Ummm…  ok… but what does all of this have to do with brains and how mine doesn’t belong to me?  Just a little further dear traveler.  Keep apace.  We’re making good time.

The medium is the message

A guy named Marshall McLuhan was famous for coining the phrase “the medium is the message”.  Some fifty years later he’s largely been forgotten, but this phrase continues to resonate for many people.

What it means, at least what seems true enough, is that the physical characteristics of any medium and the manner in which it operates is far more consequential in its influence over our lives than any content that might be delivered through that medium.

Television, for instance, is a medium.  Radio and printed text are also mediums.  Twitter is a medium limited to just 140 characters per communication.  That influences how we write (on Twitter).   Television is a medium characterized by one-way communication.   Mediums shape and convey information in a specific format, each with its own strengths and weaknesses and intentions.   The very nature and structure of the physical technology is the totality of the message.   No matter what is broadcast over TV, the nature of television remains the same.

Things they didn’t teach us in biology class

Let’s for a moment entertain the notion that our biology is also a medium. The medium in this case is electrochemically charged living tissue in the form of human beings. Biology is a medium far more complex and sophisticated than any ever devised by a human being.  In fact, the human brain is literally the most complex object in the universe that is currently known to us, and the way it works is still barely understood.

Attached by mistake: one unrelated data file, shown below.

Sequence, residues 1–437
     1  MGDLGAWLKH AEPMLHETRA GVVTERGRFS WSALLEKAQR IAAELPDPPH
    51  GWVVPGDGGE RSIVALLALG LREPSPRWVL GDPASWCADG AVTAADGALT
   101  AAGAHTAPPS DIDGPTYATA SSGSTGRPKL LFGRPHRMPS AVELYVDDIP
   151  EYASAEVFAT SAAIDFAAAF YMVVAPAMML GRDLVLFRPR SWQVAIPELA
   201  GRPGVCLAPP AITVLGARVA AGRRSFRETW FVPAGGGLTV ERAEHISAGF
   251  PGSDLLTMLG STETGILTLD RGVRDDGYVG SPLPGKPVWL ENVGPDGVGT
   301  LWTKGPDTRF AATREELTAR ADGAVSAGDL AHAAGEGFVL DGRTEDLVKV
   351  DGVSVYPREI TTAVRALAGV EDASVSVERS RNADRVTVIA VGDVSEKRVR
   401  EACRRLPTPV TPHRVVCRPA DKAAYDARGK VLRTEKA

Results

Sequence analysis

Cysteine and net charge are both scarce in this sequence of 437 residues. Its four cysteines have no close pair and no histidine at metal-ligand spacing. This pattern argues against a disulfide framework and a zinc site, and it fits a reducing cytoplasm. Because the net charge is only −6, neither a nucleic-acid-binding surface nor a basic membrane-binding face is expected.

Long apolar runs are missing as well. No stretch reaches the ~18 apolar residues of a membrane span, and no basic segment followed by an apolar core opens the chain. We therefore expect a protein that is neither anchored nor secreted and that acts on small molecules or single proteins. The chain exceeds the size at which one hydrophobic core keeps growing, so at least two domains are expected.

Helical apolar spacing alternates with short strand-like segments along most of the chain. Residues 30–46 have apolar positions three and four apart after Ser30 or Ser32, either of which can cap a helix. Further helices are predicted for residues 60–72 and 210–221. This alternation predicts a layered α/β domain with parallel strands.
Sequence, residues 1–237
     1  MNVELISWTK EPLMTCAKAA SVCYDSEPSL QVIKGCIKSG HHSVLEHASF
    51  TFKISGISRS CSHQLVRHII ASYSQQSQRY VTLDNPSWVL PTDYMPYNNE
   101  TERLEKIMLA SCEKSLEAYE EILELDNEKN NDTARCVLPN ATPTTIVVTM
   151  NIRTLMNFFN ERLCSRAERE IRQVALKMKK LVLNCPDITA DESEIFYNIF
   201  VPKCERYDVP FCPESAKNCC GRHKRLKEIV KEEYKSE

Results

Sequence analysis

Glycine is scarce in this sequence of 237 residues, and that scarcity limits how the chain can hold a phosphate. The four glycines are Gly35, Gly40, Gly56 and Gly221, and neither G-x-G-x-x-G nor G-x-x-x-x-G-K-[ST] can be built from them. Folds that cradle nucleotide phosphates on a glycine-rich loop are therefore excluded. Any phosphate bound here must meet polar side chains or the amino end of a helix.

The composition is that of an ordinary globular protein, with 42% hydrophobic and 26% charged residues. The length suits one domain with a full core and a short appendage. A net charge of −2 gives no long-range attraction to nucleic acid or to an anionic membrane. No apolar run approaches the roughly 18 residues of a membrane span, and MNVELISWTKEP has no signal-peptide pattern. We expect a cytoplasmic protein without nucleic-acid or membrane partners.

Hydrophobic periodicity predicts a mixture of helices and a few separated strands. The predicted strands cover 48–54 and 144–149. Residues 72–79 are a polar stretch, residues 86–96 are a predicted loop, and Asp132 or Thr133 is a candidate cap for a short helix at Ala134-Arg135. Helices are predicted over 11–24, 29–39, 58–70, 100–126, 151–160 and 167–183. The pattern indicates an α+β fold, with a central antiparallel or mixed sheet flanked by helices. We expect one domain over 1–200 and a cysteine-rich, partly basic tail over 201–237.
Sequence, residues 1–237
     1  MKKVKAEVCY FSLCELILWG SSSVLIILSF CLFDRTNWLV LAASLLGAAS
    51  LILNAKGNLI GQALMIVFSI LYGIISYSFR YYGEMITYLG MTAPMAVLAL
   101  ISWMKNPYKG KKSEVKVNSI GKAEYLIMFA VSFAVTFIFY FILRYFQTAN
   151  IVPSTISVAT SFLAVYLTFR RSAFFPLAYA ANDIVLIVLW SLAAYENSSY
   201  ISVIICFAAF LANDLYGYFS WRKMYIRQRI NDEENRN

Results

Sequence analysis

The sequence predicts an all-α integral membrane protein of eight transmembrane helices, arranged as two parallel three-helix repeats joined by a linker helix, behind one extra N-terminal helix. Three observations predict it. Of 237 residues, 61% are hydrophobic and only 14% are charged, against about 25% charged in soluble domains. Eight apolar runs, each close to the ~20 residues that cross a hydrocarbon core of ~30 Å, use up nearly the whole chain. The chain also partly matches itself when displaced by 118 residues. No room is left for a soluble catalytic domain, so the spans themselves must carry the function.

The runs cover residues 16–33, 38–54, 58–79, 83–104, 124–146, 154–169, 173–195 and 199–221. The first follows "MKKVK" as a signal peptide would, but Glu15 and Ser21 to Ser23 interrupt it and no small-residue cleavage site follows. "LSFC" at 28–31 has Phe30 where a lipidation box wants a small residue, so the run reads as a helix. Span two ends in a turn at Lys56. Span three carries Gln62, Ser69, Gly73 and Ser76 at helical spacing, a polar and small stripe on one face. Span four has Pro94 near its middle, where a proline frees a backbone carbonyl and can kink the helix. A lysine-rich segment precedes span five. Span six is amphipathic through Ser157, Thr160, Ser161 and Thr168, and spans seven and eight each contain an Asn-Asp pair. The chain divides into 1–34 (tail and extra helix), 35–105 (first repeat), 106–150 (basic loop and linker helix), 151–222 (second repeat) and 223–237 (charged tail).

One of the more recent developments in biology concerns new insights into the function of human memory.  The popular assumption since time immemorial, and one still advanced by many who study such matters, is that all memory is stored locally in the brain.   But today there are good reasons for biologists to question this long-held belief.

For instance… in experiments where mice learned to complete a maze in the United States, mice in Britain learned the same maze faster; consistently.  This may seem rather incredible, but brace yourself.  This was even true when selecting for the least intelligent mice in the second group, suggesting that brain intelligence is not a particularly dominant factor.  Now strap yourself in extra tight.  This phenomena was also observed in slime molds; an organism that doesn’t even possess a proper brain; and non-biological crystals.   When a crystal is grown for the first time in one part of the world, it becomes easier to grow the same crystal elsewhere.  It is as if the fabric of the universe itself retains information once it’s experienced, like a kind of universal memory.

The results suggest that a great deal of information may not be stored locally, but in an element not bound by the limitations of time and space.   The boundaries between your brain and those of others may not be so securely firewalled as we once assumed they were. The brain,  like a magnet with gravitational fields emanating from it, may have the capacity to extend beyond the boundaries of the physical organ.  And this phenomenon may not be special to human beings, but a byproduct of simply being alive; a biological manifestation of the same laws which apply to light and energy.

If one can accept this, and indeed it approaches the miraculous, then it’s not much of a stretch to view the human brain as a kind of neutral transceiver; a medium, like television, but with a many-to-many architecture, like the internet.  And if we are a medium in that regard, let’s apply MacLuhan’s observations and entertain the notion that the content of your local mind is of little consequence in the grand scheme of things.  It’s the brain itself and its very structure and function that is the star of the show.  Not your brain, or my brain, but THE brain. It is as much a concrescing floret at the bleeding edge of a very long biological journey as a dynamic tool for keeping us individually alive.  And who knows the true nature of the content expressed therein?